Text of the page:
Leave them. They’re keeping warm, Xantee said.

She was exhausted. She and Lo took turns sleeping on a cot at the foot of Hari’s bed. The creature rested often, as though set by a clock. They knew when it would wake and sleep and although one of them always sat with Hari, holding his hand, feeding strength into him, the other was able to rest without the fear of a sudden attack.

Xantee dreamed, but it was the dreaming of recollection not fantasy. In the four days it took the schooner to cross the south-western arm of the Inland Sea, she relived her childhood, piece by piece, and understood, each time she woke, that her mind was reinforcing her, adding a layer to her consciousness and – this made her frightened – preparing her. For what? But she did not let fear get in the way of her delight in the reliving of her life, with its colours brighter and images sharper and its happiness more intense than she had been aware of at the time.

Pearl and Hari and Xantee, then Pearl and Hari and Xantee and Lo: a family. Later on, like new springs in the forest flowing down to join the larger one, came Blossom and Hubert. Six of us joined, said the dream that relived her life.

They lived in a timber house above a white-sand beach, with fields and gardens running back to the forest and a village growing beside them. Dwellers brought new children, some alone (orphaned in the wars), some with their parents, and all of them able to ‘speak’, faintly or well. First came Tealeaf, bringing Duro and his mother Tilly. Xantee was still in her cot but she remembered it – the dream remembered: the weariness of the travellers, their joy in arriving, and the small boy strapped on his mother’s back, looking about him with inquisitive eyes. Xantee, she introduced herself, although she could not speak yet with her tongue. Duro, he replied. She had bonded with him almost as deeply as with her parents.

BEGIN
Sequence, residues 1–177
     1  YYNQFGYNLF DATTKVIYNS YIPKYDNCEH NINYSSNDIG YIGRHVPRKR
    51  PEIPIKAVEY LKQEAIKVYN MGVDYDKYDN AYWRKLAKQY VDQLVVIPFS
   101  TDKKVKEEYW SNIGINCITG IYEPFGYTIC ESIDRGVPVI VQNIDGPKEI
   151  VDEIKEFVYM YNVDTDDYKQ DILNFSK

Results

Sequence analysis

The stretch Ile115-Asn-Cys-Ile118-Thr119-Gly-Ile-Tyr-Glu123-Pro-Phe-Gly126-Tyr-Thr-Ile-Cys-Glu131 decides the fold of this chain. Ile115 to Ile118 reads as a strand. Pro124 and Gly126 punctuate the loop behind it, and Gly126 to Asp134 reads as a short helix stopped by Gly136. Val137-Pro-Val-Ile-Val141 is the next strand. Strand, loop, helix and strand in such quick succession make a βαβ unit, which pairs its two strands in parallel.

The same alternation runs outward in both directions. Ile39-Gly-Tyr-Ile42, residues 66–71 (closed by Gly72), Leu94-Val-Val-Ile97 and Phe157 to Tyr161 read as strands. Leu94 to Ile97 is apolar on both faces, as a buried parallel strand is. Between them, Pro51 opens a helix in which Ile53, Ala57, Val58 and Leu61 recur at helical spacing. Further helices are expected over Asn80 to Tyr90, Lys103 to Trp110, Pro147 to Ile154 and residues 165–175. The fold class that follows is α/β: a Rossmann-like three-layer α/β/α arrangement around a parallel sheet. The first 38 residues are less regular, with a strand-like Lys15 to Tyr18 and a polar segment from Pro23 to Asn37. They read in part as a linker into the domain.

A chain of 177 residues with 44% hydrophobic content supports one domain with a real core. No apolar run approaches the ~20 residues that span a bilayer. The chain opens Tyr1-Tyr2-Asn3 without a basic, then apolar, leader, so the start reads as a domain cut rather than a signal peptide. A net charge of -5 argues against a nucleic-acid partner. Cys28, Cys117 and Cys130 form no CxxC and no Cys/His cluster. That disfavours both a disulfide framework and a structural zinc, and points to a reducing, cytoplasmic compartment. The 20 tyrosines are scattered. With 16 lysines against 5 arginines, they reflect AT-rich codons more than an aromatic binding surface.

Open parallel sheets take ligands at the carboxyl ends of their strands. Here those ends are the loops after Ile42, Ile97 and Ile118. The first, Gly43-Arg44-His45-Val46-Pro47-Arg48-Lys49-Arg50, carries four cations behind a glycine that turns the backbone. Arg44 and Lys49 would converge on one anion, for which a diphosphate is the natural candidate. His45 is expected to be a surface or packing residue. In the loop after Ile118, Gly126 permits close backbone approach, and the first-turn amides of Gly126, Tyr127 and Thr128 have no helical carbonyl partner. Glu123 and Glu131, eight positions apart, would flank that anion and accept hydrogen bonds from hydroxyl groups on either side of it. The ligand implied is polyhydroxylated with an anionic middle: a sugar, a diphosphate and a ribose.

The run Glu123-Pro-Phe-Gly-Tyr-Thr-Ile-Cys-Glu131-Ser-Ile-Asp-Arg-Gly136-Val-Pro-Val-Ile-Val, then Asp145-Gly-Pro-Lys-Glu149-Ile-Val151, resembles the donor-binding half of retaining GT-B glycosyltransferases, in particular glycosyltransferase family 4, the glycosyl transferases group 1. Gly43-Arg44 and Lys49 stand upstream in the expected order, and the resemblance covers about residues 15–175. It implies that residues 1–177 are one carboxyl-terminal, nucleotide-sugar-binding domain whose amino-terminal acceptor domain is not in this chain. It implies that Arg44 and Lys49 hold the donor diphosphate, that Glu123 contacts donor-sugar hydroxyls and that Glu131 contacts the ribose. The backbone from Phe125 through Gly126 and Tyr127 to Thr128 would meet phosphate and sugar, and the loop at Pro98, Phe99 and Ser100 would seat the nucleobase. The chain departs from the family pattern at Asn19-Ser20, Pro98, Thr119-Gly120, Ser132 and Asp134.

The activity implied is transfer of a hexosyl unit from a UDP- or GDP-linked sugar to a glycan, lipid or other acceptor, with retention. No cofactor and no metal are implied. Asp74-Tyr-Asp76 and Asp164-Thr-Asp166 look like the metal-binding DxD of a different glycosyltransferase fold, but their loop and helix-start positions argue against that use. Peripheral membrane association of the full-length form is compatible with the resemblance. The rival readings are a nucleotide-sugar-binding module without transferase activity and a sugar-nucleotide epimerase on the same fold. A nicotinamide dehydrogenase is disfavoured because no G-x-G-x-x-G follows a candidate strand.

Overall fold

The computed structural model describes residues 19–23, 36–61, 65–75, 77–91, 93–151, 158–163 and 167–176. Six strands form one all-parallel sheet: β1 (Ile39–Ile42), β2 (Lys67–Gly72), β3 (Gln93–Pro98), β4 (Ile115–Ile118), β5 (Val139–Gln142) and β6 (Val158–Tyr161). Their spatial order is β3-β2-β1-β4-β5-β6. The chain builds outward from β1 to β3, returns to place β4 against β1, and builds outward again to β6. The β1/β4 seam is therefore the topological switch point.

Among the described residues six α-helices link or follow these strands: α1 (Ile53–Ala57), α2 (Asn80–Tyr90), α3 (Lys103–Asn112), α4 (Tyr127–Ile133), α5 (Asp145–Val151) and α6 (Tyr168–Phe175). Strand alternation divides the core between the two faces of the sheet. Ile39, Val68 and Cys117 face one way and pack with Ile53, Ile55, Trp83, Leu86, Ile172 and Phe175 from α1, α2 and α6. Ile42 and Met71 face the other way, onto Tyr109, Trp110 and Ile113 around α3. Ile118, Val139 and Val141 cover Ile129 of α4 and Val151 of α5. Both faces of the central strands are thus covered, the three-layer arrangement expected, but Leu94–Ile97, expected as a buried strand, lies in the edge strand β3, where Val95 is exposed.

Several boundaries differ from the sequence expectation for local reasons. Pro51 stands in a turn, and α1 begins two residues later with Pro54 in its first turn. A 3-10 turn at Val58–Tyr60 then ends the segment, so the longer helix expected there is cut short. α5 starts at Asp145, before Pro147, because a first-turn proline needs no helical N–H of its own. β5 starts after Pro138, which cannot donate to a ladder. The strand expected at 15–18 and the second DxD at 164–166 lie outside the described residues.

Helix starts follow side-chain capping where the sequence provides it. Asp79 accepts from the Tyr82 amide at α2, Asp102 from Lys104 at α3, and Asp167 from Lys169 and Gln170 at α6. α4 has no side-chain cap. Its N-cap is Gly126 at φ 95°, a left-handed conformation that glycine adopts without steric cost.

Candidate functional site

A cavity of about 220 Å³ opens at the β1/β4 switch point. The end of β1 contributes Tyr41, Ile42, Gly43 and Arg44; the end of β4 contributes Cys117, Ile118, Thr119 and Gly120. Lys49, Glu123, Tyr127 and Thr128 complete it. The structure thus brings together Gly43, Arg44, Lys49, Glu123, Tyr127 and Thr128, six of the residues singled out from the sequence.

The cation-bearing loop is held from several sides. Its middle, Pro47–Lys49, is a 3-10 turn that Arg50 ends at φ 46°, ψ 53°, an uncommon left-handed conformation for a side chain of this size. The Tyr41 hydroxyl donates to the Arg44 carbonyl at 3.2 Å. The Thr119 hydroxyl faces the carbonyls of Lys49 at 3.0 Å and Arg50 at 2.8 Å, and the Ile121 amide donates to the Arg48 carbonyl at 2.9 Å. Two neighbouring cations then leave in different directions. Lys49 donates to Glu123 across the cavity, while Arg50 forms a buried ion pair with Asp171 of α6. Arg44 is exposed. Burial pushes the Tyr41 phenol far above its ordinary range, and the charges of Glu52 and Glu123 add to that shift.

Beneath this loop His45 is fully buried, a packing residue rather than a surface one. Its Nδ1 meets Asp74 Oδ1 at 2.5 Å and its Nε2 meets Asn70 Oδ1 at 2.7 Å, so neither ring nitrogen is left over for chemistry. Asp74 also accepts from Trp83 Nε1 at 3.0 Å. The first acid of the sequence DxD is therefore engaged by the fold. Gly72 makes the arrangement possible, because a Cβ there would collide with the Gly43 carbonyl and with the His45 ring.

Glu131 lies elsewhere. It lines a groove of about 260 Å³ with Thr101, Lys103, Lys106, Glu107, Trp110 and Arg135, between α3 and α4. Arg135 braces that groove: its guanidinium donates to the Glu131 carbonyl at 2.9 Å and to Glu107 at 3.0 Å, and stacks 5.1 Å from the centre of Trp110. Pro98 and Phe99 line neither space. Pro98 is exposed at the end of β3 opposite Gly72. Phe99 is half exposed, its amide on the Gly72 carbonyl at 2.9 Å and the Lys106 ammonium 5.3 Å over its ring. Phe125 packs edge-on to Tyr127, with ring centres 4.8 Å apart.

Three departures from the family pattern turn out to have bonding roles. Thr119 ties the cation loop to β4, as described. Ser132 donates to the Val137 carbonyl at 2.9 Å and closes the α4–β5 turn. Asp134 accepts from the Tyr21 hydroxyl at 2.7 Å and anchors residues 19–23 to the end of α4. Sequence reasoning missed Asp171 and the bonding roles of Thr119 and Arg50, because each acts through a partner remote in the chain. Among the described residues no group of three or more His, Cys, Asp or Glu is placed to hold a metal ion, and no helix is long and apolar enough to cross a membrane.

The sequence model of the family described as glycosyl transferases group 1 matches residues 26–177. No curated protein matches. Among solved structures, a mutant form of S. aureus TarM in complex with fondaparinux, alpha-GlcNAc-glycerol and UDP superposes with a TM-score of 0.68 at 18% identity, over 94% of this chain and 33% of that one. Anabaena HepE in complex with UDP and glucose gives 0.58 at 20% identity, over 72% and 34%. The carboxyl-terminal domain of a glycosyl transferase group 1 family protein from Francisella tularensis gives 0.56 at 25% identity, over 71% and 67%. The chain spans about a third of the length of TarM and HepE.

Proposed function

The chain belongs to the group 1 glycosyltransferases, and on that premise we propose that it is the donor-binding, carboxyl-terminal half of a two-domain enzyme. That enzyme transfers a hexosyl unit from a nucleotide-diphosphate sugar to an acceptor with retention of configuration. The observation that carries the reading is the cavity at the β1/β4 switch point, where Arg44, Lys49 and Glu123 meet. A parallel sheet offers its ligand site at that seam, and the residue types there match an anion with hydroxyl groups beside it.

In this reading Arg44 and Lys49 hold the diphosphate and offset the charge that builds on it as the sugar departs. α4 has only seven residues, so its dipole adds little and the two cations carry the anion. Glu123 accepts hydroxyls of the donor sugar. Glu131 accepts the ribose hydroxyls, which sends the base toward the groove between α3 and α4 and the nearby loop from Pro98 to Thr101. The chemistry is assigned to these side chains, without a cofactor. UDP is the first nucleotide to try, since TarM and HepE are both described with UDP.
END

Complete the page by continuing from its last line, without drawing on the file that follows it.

He had lost his father in a battle between the workers and the clerks, fought back and forth in the ruined streets of the city, Belong, and in Ceebeedee, and in a part of himself Duro knew of the loss and joined his mother in her grief, which seemed to deepen him, and slow him too, so that he was like a pool in a fast-flowing river, where the water pauses and the bottom falls away. He kept a larger part of himself secret than the other children, but was an adventurous and confident boy. Xantee came to love him almost as a brother yet was glad he remained strange in a way her real brothers did not. The dream seemed to say that the strangeness foretold another sort of love, but then it drew the knowledge quietly away.

Xantee slept. Swimming, running, climbing trees; learning to cook, learning to clean house; always learning – how to take a share of honey from the bees without being stung, how to plant seeds, how to winnow wheat, how to milk goats and how to shear them: the dream kept on. How to ‘speak’, although it needed little learning but came naturally. Learning to speak with her tongue, loud or soft, strident or sweet, was harder. She had not seen the need for it. But she discovered, after a time, that spoken words made a resting place, letting her mind sleep on the level that was otherwise so active; and, with those you loved, sound sometimes brought a greater intimacy. Sound, in many ways, went deeper than silence. She learned when to ‘speak’ and when to speak. And learned never to enter another person’s mind without invitation, and learned the sinfulness of stealing memory, stealing time, of taking a mind away and moving it about as though pushing a bug with her fingernail. She could do that so easily – more easily than her mother Pearl or her father Hari. Yet she understood the sin. The lesson was to never do it, except . . . When was ‘except’?